foreign financial institutions (FFIs) to provide information about their US clients to the Internal Revenue Service (IRS). If
the FFIs do not agree to disclose information about their US clients, the institutions are required to withhold 30% from
any financial incomedividends, interest or other paymentsgenerated from their holdings in US financial assets. The
law also requires the US citizens to report assets worth more than $50,000 in overseas accounts to the IRS with their
annual tax returns, failing which a penalty of $10,00050,000 will be applied. While laws in certain countries do not allow
the disclosure of client information, the government has signed intergovernmental agreements designed to have local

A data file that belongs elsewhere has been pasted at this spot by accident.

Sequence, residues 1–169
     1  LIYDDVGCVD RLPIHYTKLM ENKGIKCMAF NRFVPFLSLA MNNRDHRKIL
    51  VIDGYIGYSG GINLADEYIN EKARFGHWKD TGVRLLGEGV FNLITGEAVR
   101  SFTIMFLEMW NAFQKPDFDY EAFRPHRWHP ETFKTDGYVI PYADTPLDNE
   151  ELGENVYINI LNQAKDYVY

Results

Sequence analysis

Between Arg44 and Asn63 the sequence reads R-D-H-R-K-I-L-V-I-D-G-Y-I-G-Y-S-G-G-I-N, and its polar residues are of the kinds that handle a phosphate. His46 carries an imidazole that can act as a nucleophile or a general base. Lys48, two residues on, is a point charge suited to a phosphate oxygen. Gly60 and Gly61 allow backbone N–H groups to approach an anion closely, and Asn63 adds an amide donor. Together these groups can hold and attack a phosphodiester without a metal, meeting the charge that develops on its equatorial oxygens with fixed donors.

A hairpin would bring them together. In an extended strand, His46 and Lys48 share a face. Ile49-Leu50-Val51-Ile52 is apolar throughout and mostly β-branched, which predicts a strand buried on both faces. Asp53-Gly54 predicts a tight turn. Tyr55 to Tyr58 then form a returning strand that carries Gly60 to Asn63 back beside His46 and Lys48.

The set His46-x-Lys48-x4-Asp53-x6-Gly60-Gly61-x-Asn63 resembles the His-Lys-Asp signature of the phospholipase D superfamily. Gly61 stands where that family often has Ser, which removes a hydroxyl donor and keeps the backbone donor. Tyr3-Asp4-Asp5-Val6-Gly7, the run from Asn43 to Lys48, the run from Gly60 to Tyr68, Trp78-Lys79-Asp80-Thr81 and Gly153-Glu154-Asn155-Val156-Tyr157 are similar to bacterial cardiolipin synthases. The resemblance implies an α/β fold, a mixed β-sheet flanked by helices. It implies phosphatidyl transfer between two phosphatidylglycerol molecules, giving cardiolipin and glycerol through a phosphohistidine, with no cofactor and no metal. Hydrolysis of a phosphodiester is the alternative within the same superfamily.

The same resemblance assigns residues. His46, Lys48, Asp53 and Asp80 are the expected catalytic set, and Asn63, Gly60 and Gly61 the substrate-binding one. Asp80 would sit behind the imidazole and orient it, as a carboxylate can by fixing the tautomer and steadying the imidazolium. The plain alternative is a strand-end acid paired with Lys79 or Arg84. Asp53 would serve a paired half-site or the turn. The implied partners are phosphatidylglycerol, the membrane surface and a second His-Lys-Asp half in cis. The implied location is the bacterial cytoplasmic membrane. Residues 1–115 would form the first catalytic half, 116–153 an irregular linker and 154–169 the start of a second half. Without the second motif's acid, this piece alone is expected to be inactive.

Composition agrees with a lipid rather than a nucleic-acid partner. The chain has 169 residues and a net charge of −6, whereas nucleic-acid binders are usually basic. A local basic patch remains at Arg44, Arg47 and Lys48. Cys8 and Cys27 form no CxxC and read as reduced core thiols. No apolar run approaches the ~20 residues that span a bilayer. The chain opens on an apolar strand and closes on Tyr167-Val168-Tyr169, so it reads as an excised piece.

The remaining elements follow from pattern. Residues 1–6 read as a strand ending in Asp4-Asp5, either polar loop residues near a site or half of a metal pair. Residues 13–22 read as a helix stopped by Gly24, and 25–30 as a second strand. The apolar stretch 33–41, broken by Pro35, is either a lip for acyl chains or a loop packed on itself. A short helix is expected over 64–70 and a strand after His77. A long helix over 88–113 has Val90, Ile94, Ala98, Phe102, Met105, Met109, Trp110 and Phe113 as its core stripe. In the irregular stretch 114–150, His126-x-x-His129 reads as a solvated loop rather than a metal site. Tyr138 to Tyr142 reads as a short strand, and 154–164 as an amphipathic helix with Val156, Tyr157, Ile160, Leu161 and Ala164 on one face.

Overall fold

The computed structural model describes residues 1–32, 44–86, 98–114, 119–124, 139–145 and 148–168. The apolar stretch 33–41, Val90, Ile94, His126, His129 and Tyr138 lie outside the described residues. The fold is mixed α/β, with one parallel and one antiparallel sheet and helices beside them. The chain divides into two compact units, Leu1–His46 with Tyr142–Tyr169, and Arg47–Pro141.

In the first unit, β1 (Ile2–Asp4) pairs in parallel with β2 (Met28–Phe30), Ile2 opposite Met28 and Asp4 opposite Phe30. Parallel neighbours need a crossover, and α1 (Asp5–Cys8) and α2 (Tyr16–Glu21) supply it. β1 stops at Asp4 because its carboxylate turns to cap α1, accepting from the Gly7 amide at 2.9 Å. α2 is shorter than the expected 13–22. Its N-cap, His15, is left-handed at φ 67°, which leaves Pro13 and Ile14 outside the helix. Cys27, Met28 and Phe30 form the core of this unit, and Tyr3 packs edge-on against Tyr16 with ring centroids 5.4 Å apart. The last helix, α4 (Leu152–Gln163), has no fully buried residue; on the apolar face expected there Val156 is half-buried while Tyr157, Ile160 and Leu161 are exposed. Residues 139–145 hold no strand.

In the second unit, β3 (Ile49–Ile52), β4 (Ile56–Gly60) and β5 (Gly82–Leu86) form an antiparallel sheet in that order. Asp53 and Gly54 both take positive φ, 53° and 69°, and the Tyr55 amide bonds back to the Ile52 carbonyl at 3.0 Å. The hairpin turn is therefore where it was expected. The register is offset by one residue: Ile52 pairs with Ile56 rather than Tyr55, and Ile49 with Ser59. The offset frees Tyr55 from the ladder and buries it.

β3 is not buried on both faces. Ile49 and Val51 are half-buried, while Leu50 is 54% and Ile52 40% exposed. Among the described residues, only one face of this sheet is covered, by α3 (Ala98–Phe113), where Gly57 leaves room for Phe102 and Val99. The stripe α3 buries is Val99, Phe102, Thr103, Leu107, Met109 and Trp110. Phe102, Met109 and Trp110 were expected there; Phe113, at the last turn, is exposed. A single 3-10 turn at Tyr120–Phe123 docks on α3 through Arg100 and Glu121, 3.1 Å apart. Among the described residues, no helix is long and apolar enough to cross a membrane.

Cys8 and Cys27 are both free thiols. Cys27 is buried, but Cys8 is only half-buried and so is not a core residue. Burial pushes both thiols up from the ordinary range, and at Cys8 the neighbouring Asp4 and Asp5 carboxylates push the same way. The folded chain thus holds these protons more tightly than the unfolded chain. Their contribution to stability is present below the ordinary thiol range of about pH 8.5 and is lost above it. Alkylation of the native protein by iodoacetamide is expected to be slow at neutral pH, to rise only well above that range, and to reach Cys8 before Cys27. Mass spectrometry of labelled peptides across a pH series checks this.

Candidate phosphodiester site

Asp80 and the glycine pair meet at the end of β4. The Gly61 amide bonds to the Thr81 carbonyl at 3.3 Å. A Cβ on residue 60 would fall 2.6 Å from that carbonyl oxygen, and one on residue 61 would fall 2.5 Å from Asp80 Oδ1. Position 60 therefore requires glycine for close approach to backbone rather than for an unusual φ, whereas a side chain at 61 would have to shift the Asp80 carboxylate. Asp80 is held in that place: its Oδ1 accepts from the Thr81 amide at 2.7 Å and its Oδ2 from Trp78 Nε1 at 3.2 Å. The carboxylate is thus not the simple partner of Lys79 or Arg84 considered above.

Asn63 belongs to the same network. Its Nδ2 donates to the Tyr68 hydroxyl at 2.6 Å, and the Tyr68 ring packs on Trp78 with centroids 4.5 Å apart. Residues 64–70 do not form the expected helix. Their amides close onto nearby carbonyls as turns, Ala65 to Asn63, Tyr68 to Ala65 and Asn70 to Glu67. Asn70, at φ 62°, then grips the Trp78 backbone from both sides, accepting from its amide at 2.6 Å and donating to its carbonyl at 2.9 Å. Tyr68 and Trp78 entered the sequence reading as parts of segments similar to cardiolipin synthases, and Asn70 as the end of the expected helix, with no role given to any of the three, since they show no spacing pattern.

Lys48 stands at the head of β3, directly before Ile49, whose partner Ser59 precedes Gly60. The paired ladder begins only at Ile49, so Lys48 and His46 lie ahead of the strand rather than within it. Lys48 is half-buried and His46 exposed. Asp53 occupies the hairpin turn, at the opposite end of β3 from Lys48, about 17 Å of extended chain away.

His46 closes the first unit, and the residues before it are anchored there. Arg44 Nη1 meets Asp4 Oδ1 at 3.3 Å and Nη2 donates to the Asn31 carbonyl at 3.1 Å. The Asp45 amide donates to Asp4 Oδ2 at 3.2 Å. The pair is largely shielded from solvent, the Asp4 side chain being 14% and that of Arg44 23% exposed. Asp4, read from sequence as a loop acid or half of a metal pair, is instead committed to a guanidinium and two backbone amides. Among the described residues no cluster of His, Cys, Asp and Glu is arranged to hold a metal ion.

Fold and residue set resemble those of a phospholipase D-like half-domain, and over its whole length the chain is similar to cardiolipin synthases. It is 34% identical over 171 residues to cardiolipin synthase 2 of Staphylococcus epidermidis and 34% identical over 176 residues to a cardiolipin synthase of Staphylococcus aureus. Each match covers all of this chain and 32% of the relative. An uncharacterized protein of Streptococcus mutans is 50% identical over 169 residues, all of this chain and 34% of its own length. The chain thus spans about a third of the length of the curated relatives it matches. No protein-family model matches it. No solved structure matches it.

governments collect information from domestic subsidiaries of FFIs and share it with the authorities. The US has
concluded 65 intergovernmental agreements and has signed agreements in substance with another 47 countries on
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PESTLE Analysis

this issue. The law is expected to boost federal revenues by $800m per year for the next 10 years.

Current challenges

Inefficient taxation system

The US has an inefficient taxation system, which has performed poorly with respect to equity, resulting in widening
income disparities. In the area of direct taxation, the government allows individuals to deduct mortgage interest from their
taxable income, which favors homeowners over renters. Such favoring of certain kinds of consumption sometimes results
in high-income earners paying an effective tax rate lower than middle-class earners. As far as indirect taxation is